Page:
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Effects of Low Temperature on Resistance of Almond Trees to Phytophthora Pruning Wound Cankers in Relation to Lignin and Suberin Formation in Wounded Bark Tissue. M. A. Doster, Graduate research assistant, Department of Plant Pathology, University of California, Davis 95616; R. M. Bostock, Associate professor, Department of Plant Pathology, University of California, Davis 95616. Phytopathology 78:478-483. Accepted for publication 21 October 1987. Copyright 1988 The American Phytopathological Society. DOI: 10.1094/Phyto-78-478.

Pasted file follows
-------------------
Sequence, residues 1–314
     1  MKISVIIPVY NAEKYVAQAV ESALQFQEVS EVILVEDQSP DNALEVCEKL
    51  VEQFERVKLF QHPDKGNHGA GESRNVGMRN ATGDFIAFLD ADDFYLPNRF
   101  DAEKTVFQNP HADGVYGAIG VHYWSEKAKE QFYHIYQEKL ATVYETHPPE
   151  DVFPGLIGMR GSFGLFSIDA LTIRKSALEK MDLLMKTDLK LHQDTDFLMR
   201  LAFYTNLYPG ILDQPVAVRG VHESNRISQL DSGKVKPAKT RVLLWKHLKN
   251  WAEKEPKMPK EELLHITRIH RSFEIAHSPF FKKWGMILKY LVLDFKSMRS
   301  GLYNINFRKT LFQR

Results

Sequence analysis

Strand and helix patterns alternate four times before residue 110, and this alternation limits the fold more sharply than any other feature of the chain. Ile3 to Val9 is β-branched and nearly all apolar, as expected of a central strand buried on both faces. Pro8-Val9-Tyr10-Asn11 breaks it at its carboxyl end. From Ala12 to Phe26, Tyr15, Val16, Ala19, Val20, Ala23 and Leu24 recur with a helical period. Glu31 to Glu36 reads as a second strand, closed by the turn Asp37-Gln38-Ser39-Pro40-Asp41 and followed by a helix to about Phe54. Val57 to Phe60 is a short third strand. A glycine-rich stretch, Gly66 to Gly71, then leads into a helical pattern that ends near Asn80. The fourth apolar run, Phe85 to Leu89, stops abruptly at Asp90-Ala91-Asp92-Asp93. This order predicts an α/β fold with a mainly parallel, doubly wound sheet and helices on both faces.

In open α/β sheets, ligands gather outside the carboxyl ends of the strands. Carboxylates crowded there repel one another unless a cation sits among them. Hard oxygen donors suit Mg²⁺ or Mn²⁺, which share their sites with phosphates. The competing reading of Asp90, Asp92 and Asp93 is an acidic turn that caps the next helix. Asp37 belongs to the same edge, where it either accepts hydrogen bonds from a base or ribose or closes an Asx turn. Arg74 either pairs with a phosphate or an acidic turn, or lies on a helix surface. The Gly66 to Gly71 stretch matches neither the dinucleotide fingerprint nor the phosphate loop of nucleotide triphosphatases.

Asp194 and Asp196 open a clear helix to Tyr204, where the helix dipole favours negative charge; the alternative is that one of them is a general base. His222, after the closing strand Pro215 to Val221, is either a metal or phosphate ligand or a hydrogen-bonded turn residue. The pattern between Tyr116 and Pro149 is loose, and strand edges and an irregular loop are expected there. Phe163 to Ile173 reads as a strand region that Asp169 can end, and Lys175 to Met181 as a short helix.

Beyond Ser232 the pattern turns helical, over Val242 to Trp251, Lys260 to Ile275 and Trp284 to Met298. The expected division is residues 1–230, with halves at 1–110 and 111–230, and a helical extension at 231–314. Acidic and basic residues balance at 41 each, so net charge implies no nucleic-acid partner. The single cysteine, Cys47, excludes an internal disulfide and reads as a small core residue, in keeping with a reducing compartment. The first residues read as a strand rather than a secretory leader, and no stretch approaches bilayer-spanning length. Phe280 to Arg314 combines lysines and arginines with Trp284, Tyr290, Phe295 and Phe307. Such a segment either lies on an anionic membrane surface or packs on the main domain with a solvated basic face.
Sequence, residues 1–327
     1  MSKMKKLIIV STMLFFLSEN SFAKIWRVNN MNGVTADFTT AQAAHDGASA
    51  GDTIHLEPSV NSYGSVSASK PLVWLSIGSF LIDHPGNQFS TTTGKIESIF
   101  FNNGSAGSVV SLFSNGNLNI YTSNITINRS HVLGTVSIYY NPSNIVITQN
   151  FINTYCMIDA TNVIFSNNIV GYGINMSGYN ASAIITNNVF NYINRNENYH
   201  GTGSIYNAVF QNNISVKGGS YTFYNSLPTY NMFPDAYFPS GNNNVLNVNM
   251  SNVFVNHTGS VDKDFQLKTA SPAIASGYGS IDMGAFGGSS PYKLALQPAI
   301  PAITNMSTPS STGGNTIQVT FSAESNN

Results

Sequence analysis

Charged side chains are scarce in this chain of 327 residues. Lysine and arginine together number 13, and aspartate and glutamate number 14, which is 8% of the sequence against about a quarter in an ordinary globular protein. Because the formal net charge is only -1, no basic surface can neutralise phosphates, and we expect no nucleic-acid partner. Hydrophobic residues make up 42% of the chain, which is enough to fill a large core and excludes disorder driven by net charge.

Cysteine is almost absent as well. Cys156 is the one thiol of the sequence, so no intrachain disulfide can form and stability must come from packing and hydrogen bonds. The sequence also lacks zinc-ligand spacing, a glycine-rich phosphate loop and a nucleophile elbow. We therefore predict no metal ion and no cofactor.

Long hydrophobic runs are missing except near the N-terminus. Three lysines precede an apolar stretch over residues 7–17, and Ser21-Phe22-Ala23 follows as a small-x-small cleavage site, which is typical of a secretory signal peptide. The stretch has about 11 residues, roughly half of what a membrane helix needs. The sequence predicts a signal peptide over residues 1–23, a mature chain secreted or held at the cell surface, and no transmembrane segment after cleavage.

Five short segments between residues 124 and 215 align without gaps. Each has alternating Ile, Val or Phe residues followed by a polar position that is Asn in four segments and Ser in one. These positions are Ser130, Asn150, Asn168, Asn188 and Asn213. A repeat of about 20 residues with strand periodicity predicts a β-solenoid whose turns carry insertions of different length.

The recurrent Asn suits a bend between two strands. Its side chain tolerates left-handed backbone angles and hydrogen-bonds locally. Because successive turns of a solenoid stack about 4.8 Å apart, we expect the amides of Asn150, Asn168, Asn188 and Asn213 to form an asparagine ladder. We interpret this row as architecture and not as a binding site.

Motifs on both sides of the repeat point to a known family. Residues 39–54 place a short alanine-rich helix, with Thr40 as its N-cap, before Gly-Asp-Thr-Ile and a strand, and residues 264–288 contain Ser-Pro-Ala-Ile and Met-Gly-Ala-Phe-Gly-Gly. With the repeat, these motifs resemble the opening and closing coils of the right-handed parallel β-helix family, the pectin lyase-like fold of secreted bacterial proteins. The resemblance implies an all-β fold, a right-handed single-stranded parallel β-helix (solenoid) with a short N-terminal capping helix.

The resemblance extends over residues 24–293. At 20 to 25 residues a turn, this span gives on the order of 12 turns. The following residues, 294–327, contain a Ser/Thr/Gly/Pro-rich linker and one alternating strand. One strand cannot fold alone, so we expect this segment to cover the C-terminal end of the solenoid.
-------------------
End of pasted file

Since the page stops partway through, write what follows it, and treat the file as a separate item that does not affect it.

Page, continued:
As the temperature was lowered at which bark wounds were aged, the development of resistance to bark cankers caused by Phytophthora syringae was slowed. All fresh wounds inoculated with P. syringae resulted in cankers. In stem wounds aged for 2 wk at 25 C before inoculation, only 38% of the inoculated wounds developed cankers, while when aged at 6 C, all of the inoculated wounds developed cankers. In orchard trees throughout the fall and winter, inoculation with P. syringae resulted in cankers in all of the fresh wounds, most of the 2-wk-old wounds, and many of the 4-wk-old wounds, but almost all inoculated 6-wk-old wounds were immune to infection. As temperature was decreased, less lignin and suberin were observed histochemically and less ligninthioglycolic acid (LTGA) was detected in almond bark wounds using the thioglycolic acid assay. There was almost a threefold increase in LTGA in 2-wk-old wounds when aged at 25 C than when aged at 6 C. During winter, the resistance to infection by P. syringae of 2- and 4-wk-old wounds did not consistently correspond to the mean temperature for the period of wound aging, suggesting that other factors in addition to temperature are involved in resistance development.